An effective substance abuse testing program safeguards your employees and workplace against injuries and illnesses, or other incidents caused by substance abuse or misuse. With written policies in place, employers can test for post-offers for employment, random, reasonable cause, and post-incident.

Testing reinforces human resource policies toward maintaining a substance-free workplace. It allows you to demonstrate your commitment to employee safety and health through maintaining a safe work environment for employees, contractors, vendors, and visitors. Side benefits include maintaining employee performance, safe interactions with others, and reduced potential of injuries with alert and responsive employees.

Recently, there has been confusion around testing after an incident, with or without injury. In 2016, OSHA released guidance on when testing can be performed, emphasizing that employees were not to be drug tested as a retaliatory action. OSHA maintains that employers cannot retaliate on an employee who has or reports an injury.

OSHA’s first guidance document drew the attention of employee-friendly lawyers who immediately began threatening lawsuits against companies who were simply following safety and human resource substance abuse policies. From those threats, employers began changing their policies to stop drug testing after an injury for fear of being sued. This was a huge mistake.

Employers with a consistently applied substance abuse policy were reduced to subjective, pick-and-choose options for testing or just stopped testing altogether. That caused more confusion regarding drug testing. It also subjected employers to more egregious lawsuits because they lost their consistency and began second-guessing.

There was such confusion that OSHA came out in October 2018 with a clarification of its 2016 guidance. Unfortunately, employers continue to question it, creating high risk for employers on being sued by misapplication of the policy or subjective reviews for testing.

Post-incident testing – clarity, once and for all

The October 10, 2018, interpretation letter by OSHA states: “…most instances of workplace drug testing are permissible under § 1904.35(b)(1)(iv). 

Examples of permissible drug testing include:

  • Random drug testing.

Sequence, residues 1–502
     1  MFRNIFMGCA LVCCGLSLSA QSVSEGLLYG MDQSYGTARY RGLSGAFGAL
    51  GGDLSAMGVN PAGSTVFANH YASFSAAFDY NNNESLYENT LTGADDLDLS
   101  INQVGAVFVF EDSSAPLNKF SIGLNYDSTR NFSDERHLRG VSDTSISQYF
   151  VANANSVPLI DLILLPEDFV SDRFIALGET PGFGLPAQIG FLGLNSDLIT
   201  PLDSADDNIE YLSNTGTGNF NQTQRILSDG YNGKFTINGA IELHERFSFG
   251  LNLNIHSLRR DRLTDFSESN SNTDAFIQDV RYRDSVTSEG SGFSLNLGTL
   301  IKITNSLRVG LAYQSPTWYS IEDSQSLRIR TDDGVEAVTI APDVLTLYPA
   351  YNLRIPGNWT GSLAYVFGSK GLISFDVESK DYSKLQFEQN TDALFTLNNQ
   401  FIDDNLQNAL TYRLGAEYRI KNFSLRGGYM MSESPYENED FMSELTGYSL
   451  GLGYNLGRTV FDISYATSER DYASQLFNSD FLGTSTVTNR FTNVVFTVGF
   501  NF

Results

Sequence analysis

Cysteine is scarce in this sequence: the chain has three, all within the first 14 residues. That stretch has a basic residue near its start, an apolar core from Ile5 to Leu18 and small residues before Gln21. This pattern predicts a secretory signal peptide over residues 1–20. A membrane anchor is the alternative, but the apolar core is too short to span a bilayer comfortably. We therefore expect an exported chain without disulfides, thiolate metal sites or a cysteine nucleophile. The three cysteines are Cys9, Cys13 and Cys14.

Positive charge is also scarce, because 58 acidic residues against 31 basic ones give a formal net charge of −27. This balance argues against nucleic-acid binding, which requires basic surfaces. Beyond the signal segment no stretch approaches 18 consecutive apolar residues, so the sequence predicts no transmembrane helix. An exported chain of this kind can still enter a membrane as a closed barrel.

• Drug testing unrelated to the reporting of a work-related injury or illness.
  • Drug testing under a state workers’ compensation law.
  • Drug testing under other federal law, such as a U.S. Department of Transportation rule.
  • Drug testing to evaluate the root cause of a workplace incident that harmed or could have harmed employees. If the employer chooses to use drug testing to investigate the incident, the employer should test all employees whose conduct could have contributed to the incident, not just employees who reported injuries.”

So, what changed regarding an employer’s ability to drug test after an incident? Nothing! If you are an employer who uses drug testing as a means to retaliate against an employee because of reporting an injury or being injured, you deserve whatever OSHA gives you. There is no other way to describe those actions other than stupid and potentially very expensive.

So, when can an employee be tested after an incident? The answer is clear – immediately following the incident in which the employee caused or contributed to the incident, with or without injury.

Also, whether to drug test post-incident should never be associated with a dollar value of property damage. An employee performing in a manner that causes any level of property damage should be subject to testing. Just being lucky and not hitting the arbitrary dollar value does not mean that employee should not be tested, actions investigated and reviewed, and, perhaps, either re-trained or open to disciplinary action for not following the training or the proper procedures. For clarity, you never discipline an employee for getting injured. The discipline centers on the employee’s performance that may have caused the injury.

Here are examples to make this point clear.

  • An employee operating a forklift strikes a support column. There was no injury and only minor damage to the column.  The employee should be drug tested for failing to operate the forklift properly.
  • A mobile equipment operator strikes another vehicle. An investigation shows the operator was traveling too fast and the operator of the struck vehicle was parked in an active traffic lane. Both employees contributed to the event; both are tested.
  • An employee walking in the designated walkway is struck by a piece of metal that vibrated off the air handler in the ceiling, causing a laceration. The employee did nothing to contribute to the injury; testing would not be required.


OSHA’s substance abuse testing guidelines is to prevent employer retaliation against an employee who reports or has an injury. A valid and consistently applied substance abuse policy is not the target of OSHA’s guidance.

If you changed or retracted your substance abuse policy because of misinterpreting OSHA’s guidance, review it immediately and change it. Of course, any change requires communicating it to your employees so they know the expectations.

If you have a properly constructed substance abuse policy, use it!